Jonathan Parker is one of the most innovative artists currently working in the United Kingdom. His GoldenBlueFigure compositional technique has the capacity to transform perception.
Parker was born in Belfast, Northern Ireland, when his civil engineer father was making a transportation study of the city in 1968, and he grew up in Twickenham, west London where the River Thames flows through the landscape between Strawberry Hill and Richmond. As a youngster, cycling along the river, off to play either trombone or football, Jonathan formed a close association with the river which remains strong, like music and exercise.
Parker was educated at King's College School, Wimbledon and Camberwell School of Art (Foundation), then served artistic apprenticeships in both Spain and Cuba from 1988 to 1991, including with Nelson Villalobos y Ferrer. He graduated from Northumbria University in 1992 with a degree in Fine Art and won the prestigious Royal Academy Richard Ford Award in the same year (a fine art travel scholarship to Spain). His formal training was made mainly by drawing in black and white or developing simple photographic techniques to depict figures and interiors. His skill at interpreting light through colour and oil painting was learnt independently, in the landscape, across Spain and along the Thames.
Mercury Gallery in Cork Street represented Parker as a Gallery Artist in his early career and he had a major solo exhibition at the River and Rowing Museum in 2010. This was followed by a residency at Wallington in Northumberland, a place of unrestricted adventure and timeless imagination with which the artist has been associated all his life. Parker's engagement with painting started at Wallington, where an antique reproduction of Titian's 'Bacchus and Ariadne' hung in his grandmother's home.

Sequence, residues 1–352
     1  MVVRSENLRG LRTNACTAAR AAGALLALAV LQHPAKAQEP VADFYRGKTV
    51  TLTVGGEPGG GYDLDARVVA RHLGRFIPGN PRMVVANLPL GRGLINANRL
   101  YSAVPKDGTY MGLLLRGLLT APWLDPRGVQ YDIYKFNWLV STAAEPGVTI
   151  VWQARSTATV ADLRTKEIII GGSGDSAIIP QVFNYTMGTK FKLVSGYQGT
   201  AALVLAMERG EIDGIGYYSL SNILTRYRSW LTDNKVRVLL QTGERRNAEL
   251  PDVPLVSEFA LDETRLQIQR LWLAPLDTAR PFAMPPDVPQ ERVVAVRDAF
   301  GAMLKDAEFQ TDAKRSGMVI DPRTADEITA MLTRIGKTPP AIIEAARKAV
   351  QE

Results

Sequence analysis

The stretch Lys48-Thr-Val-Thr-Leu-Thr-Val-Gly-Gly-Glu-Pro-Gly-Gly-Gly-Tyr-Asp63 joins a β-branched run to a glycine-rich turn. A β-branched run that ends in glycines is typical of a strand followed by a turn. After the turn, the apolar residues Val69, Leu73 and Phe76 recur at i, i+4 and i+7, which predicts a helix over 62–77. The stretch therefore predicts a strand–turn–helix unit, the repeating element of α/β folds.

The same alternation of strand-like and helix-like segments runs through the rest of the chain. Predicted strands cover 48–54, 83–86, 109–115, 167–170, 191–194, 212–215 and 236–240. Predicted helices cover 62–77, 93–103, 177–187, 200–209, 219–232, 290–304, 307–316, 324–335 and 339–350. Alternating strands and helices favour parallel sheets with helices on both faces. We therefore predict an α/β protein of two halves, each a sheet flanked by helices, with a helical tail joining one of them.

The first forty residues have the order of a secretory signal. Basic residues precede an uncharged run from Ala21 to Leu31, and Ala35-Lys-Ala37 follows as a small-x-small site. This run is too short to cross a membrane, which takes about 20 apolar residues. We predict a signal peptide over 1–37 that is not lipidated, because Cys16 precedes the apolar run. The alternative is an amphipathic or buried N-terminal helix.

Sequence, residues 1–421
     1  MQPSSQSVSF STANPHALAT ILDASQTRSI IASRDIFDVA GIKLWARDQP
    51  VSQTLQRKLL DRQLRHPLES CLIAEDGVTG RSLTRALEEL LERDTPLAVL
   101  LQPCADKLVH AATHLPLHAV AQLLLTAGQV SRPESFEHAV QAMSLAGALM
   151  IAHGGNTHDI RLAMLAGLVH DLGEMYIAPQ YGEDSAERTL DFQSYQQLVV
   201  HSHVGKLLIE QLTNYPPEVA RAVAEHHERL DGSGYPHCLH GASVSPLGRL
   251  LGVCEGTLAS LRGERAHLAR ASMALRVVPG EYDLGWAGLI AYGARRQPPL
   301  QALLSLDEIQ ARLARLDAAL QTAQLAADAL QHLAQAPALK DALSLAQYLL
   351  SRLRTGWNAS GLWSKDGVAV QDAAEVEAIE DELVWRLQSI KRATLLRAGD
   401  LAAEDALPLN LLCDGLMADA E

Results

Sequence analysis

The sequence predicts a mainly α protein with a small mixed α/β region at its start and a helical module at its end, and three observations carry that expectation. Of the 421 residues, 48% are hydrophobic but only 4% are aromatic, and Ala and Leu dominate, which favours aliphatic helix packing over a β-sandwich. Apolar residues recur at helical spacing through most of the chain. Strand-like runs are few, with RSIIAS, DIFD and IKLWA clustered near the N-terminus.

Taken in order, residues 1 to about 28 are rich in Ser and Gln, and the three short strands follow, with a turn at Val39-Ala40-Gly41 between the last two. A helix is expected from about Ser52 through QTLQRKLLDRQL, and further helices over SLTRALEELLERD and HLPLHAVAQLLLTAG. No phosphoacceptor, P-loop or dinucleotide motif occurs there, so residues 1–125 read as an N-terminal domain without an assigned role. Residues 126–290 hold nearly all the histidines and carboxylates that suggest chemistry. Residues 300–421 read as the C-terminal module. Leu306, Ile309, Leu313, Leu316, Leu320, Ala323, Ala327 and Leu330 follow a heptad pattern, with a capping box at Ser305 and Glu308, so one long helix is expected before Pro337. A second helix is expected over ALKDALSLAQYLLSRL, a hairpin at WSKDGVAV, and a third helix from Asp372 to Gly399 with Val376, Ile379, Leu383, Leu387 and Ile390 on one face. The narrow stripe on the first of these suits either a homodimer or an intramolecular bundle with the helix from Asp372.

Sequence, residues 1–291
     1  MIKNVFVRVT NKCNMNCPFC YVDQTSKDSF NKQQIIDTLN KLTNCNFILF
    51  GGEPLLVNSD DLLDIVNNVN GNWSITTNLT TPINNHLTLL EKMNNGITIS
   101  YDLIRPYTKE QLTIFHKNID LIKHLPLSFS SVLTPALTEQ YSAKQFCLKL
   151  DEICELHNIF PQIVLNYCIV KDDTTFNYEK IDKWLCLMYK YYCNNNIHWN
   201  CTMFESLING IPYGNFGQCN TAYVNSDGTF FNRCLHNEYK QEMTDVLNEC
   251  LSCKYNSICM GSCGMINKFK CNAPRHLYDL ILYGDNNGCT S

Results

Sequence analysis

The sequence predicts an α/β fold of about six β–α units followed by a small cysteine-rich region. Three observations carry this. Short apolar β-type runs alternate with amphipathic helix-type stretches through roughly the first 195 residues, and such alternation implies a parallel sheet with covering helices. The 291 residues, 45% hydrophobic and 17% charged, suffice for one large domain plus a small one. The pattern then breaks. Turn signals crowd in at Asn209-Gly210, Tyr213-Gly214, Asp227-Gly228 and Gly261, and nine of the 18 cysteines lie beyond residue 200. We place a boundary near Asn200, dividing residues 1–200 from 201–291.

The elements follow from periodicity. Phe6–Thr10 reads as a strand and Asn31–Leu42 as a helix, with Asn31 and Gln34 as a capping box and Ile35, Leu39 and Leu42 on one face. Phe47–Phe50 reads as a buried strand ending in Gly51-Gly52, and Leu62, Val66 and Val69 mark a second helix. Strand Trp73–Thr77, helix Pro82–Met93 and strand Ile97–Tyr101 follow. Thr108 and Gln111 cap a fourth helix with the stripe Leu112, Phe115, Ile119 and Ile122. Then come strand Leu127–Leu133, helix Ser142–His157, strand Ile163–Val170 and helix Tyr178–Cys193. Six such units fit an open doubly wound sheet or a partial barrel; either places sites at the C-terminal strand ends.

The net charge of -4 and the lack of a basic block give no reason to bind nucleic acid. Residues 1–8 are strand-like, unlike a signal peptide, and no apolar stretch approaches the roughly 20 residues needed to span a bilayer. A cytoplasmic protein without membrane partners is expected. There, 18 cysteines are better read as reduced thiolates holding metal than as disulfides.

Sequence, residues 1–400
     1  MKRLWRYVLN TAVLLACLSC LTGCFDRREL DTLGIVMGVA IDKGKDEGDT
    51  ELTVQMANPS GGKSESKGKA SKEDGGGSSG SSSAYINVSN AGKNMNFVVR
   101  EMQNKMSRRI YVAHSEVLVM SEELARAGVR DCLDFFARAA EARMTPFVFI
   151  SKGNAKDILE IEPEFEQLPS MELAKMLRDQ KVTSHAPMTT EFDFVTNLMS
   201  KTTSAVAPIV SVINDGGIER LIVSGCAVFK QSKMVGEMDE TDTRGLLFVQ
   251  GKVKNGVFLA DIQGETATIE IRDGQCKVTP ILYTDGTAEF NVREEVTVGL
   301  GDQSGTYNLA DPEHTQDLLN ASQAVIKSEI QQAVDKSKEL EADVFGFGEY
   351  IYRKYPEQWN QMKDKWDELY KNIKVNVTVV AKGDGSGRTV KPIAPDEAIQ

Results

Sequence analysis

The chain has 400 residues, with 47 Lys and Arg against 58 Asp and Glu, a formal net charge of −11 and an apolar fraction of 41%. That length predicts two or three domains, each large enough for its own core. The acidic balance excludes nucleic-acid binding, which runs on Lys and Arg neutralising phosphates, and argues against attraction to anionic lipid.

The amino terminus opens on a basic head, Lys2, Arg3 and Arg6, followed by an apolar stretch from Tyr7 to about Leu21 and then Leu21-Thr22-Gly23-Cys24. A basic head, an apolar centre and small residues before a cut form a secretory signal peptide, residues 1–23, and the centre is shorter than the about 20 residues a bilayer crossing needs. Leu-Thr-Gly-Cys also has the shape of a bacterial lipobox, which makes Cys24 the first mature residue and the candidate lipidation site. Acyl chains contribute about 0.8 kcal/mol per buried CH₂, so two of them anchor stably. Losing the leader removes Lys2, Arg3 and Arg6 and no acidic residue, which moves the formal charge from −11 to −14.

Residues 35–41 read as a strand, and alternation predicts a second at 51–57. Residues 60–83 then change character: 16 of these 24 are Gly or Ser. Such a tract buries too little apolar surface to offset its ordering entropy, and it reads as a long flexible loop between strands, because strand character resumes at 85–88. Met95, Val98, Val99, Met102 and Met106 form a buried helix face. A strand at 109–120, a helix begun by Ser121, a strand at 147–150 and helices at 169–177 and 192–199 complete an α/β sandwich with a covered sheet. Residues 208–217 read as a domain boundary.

"As a young boy I was repeatedly intoxicated by the atmosphere of the overall scene imagined and depicted by the artist. I didn’t know it was called Bacchus and Ariadne or that the artist was Titian but I was mesmerised by the figure with a billowing crimson cape who steps off a chariot. He is taking a big stride from quite a height but his leg, taking the weight, does not rest on anything. His heel nearly connects to the hub of the chariot wheel, waiting to be pulled by two leopards (or are they cheetahs?) but it doesn’t. He’s in mid-air. As I have matured as an artist I realise I just love the questions of visual intelligence generated by this fine art image."
An agreement to hang several different collections of his work at Lloyds Private Bank in Mayfair, London, ran from 2011-2020 and his practice was the subject of a symposium at Durham University in 2017, Familiarity and Mystery, PDF here.
There are now thirteen paintings by the artist, including ten portraits, in the UK’s National Art Collection
and a selection of his artworks from 1997-2018 are currently being curated by Brocket Gallery.
From his studio in Wimbledon, Jonathan continues to paint artworks that are reflective of key points in time. Subtle, emotional triggers are found within each piece, created through spontaneous brushwork and his enquiry into light. The use of layering and texture to form an intriguing composition leaves the viewer with more to be discovered beneath the layers. The significance of the sources of inspiration is left open, posing questions to be addressed. The questions are about how we see and how we feel.
The answers are apprehended both as processes and things.
Occasional updates and insights into Jonathan's work can be found on instagram
. His contribution to the National Portrait Gallery UBP Annual Seminar 2022 - George on the Wrekin, a unique perspective - is available here